This is an appeal from a judgment and decree of the High Court of Judicature at Rangoon dated 8th March 1932, whereby the Court, in exercise of its appellate jurisdiction, set aside an order dated 14th December 1931, made in exercise of its original jurisdiction, and declared that the deed of sale hereinafter referred to was void as against the respondent. The respondent did not appear in the appeal.
The deed of sale in question was dated 27th February 1931, and was made between Mrs. Edith Young, who carried on business as a milliner and dressmaker at 15, Phayre Street, Rangoon, and the appellant; Mrs. Young thereby assigned to the appellant the stock-in-trade then lying in her shop and all her book debts then due and owing in consideration of the payment by the appellant to her bank of the sum of Rs. 20,229, being the amount of her overdraft with the bank. The appellant had guaranteed Mrs. Young's overdraft with her bank up to the sum of Rs. 25,000, and the bank were pressing the appellant for payment. On 16th June 1931; Mrs. Young was adjudicated an insolvent. On 7th July 1931, the respondent, as the assignee in insolvency of Mrs. Young's estate, made the application, out of which the present appeal arises to have the deed of sale declared void as against the respondent, in respect of the provisions of Ss. 55 and 56, Presidency Towns Insolvency Act, 1909. The respondent's contentions however have been confined to S. 55, and it is unnecessary to refer to S. 56. S. 55 provides as follows :
" 55. Any transfer of property, not being a transfer made before and in consideration of marriage, made in favour of a purchaser or incumbrancer in good faith and for valuable consideration shall, if the transferor is adjudged insolvent within two years after the date of the transfer, be void against the Official Assignee.',
The sole question in the case is whether the deed of sale was a transfer " in good faith and for valuable consideration " within the meaning of S. 55, and it is clearly for the respondent to establish the contrary in order to succeed in his application: Official Receiver v. P.L.K.M.B.M. Chettyar Firm (1). There is little dispute about the facts, and the evidence is referred to in detail by Sen, J, who decided the case on the original side of the High Court. In carrying on her business, which was started in 1929, Mrs. Young financed it by means of the overdraft of Rs. 25,000 permitted by her bank on the guarantee of the appellant, who deposited the title deeds of his home with the bank and a promissory note for Rs. 25,043 signed by himself and Mrs. Young. The appellant also guaranteed Mrs. Young's rent for the shop for three years from 1929.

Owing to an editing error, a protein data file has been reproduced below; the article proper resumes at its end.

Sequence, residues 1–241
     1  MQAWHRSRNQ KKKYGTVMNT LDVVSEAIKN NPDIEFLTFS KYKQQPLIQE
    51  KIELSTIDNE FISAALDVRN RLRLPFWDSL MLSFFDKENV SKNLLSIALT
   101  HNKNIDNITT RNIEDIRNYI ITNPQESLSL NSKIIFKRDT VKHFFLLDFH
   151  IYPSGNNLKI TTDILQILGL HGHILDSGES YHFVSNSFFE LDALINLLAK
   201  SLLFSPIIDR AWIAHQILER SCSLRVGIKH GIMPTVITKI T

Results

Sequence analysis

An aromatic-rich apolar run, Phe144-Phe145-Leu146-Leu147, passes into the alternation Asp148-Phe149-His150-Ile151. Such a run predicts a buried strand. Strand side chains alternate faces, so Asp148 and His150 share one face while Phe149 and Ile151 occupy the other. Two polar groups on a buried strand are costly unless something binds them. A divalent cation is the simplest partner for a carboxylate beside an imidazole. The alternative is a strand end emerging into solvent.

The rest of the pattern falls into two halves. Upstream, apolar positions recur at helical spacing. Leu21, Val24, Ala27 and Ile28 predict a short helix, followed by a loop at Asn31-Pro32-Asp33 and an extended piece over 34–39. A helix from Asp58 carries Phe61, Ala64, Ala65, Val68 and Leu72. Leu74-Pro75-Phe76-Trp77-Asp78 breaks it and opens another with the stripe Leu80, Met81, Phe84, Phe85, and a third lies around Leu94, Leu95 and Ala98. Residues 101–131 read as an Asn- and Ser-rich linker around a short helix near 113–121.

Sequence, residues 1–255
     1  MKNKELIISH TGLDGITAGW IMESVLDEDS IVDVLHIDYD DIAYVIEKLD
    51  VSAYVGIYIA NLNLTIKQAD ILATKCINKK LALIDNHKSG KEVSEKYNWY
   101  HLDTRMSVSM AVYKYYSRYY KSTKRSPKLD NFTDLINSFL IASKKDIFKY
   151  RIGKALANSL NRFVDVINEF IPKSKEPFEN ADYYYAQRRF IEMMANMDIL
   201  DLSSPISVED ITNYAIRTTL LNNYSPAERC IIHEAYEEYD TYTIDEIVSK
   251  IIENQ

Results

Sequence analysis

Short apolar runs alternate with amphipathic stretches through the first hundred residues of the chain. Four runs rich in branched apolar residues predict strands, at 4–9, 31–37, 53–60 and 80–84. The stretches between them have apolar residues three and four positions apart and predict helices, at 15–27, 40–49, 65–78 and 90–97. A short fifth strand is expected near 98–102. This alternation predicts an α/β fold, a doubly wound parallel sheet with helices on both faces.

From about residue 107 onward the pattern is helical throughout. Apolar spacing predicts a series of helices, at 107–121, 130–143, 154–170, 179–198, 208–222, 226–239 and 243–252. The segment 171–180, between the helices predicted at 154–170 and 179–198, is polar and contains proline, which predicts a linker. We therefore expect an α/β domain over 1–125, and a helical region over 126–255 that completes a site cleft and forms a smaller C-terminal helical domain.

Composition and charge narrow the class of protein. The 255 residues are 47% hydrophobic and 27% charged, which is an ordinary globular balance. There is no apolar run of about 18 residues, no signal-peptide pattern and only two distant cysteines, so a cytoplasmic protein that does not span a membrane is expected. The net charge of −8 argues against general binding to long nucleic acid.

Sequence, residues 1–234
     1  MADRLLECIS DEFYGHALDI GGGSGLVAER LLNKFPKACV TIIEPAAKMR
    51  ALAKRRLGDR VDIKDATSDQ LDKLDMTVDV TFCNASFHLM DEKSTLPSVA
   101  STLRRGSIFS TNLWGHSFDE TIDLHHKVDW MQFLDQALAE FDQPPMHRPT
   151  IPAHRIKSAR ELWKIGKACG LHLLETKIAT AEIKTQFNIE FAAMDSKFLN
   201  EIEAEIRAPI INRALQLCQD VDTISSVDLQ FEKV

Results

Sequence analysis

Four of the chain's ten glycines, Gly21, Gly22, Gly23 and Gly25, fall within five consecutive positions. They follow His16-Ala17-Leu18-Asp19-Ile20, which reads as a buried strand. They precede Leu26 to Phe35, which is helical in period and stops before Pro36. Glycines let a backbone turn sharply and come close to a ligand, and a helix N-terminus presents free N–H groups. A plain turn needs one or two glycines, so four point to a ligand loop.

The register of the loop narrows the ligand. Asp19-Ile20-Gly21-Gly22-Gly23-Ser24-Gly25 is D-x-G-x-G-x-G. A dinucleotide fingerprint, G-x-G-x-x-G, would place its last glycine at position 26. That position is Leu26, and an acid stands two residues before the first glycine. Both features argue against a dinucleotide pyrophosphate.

On 4th February 1931, the bank called on the appellant as guarantor to liquidate the overdraft and, after obtaining the deed of sale from Mrs. Young the appellant liquidated the overdraft by two payments on 20th and 27th March amounting to Rs. 24,521-2-9, which was considerably less than the guaranteed amount. Four days after signing the deed of sale Mrs. Young left for England where she told the appellant she hoped to realise Rs. 35,000 from her father's estate and the appellant thereafter carried on the business in order to realise the stock and made no new purchases except little articles like ribbons used for making up dresses Their Lordships are unable to find any evidence that the appellant knew, when he took the deed of sale, that Mrs. Young was insolvent. The overdraft was not exhausted, and there is no evidence that the appellant knew of other creditors at that date. Their Lordships agree with the opinion of Sen, J. The transaction admittedly was a real one, which takes it out of the class of case found in Ex parte Chaplin In re Sine-air (2). In that case and in Tomkins v. Saffery (3), there was knowledge of insolvency.
Their Lordships are therefore of opinion that the respondent has failed to prove that the transfer was not made in good faith, and they will humbly advise His Majesty that the appeal should be allowed ; that the decree of the High Court dated 8th March 1932, should be set aside and the order dated 14th December 1931, should be restored, the appellant to have the costs of the appeal and of the proceedings before the High Court in exercise of its appellate jurisdiction.